Air Pollution 2018

26th International Conference on Modelling, Monitoring and Management of Air Pollution


19 - 21 June 2018
Naples, Italy


Air Pollution 2018

The 26th International Conference on Modelling, Monitoring and Management of Air Pollution took place in Naples, Italy, organised by Wessex Institute, represented by Professors Giorgio Passerini, Juan Casares Long and Giovanni Perillo, and University of the West of England, represented by Prof James Longhurst and Dr Joanna Barnes.

The meeting was sponsored by WIT Transactions on Ecology and the Environment, and the International Journal of Environmental Impacts.

Situated in the southern Italian region of Campania, Naples is one of Italy’s oldest and most important cities. The birthplace of some of Italy’s most iconic food and drink, good restaurants and cafés are plentiful in Naples, serving fresh local seafood and regional specialities. The historic centre is recognised as a UNESCO World Heritage site and offers a wealth of interesting architecture, monumental castles and museums, as well as galleries exhibiting works by some of Italy’s most distinguished artists. The surrounding area and coastline provide picturesque views of Capri and numerous small islands, while nearby Mount Vesuvius and the Roman remains of Pompeii and Herculaneum remain some of the most notable sites in southern Italy.

The conference took place in Villa Doria D’Angri, the most important neoclassical villa in the famous district of Posillipo. It was commissioned by Prince Marcantonio Doria d'Angri (1809-1837), a leading exponent of the family of Genoese origins. The work, through the design and supervision of the architect Bartolomeo Grasso, was completed in 1833. The view of the Gulf from the windows of Villa Doria d'Angri is so beautiful that Wagner, admiring it as a guest in 1880, eventually was inspired to compose the Parsifal, one of the most important musical masterpieces of all time. Wagner came to Naples with the royal train of Ludwig of Bavaria, was a guest at the villa for eight months, completed the Parsifal, and wrote the autobiographical book "My life". On the patio facing the “Salone” of the Villa, on 22 May 1880, the great Joseph Rubinstein premiered at the piano the music that accompanies the stage metamorphosis of the 1st act of Parsifal while everyone enjoyed the magnificent panorama at sunset from the Villa. Since then, the room where Wagner stayed has been called the "Wagner Room". It is today one of the buildings of the University “La Parthenope” and hosts a part of the Museum of the old Naval School of Naples.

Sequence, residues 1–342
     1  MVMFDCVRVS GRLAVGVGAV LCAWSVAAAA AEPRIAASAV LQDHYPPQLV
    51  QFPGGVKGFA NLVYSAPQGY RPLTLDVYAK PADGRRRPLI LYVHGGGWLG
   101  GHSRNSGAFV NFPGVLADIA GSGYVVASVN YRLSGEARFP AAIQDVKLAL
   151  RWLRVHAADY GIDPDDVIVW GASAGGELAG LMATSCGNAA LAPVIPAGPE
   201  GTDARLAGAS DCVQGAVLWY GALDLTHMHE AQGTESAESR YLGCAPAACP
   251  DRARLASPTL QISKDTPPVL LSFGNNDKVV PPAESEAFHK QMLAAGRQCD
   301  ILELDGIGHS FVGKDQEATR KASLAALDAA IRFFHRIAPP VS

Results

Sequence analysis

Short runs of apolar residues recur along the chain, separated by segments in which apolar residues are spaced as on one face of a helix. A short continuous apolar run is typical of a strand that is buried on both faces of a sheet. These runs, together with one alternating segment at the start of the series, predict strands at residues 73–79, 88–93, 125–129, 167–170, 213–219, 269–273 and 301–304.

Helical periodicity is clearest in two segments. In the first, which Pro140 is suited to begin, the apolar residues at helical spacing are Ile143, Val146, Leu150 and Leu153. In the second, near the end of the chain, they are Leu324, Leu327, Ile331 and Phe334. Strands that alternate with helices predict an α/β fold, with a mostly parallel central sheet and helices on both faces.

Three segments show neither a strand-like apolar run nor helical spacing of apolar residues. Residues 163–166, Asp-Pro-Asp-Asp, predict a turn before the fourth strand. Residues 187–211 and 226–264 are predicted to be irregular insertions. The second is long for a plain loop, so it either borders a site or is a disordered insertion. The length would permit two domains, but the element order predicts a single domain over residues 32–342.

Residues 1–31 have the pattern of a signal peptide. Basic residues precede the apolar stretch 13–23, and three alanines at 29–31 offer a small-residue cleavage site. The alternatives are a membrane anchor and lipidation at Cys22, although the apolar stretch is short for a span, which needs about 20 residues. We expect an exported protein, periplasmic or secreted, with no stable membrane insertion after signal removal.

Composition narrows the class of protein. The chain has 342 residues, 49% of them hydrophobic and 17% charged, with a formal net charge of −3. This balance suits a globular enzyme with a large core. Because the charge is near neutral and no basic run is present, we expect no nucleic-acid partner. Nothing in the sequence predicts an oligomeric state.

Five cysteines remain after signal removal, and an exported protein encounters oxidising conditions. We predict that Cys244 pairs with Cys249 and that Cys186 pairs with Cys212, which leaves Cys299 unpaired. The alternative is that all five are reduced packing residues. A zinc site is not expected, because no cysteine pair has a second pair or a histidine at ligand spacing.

Opening of the Conference

The conference was opened by Prof Giorgio Passerini and Prof Juan Casares Long, Directors of WIT, who firstly paid tribute to the founder of the Wessex Institute, the late Prof Carlos Brebbia. Carlos was a gifted academic, renowned throughout the world as the originator of the Boundary Element Method, a tool now widely used for practical engineering analysis. Recent developments at the Institute continue to expand its range of applications to a myriad of problems of interest to engineering practitioners. The dissemination of scientific and technical information is one of the primary functions of WIT, together with the continuous research and development of advanced computational tools.

Giorgio explained the function of WIT that has organised, amongst other activities, this International Conference for a quarter of a century, bringing to the attention of the community the latest developments in air pollution research. This wealth of information is available in the digital library of the Institute ( where all air pollution papers can be freely downloaded.

Keynote Address

The keynote address was given by Prof James Longhurst entitled “Analysing Air Pollution and its Management through the Lens of the Unsustainable Development Goals. A Review and Assessment”.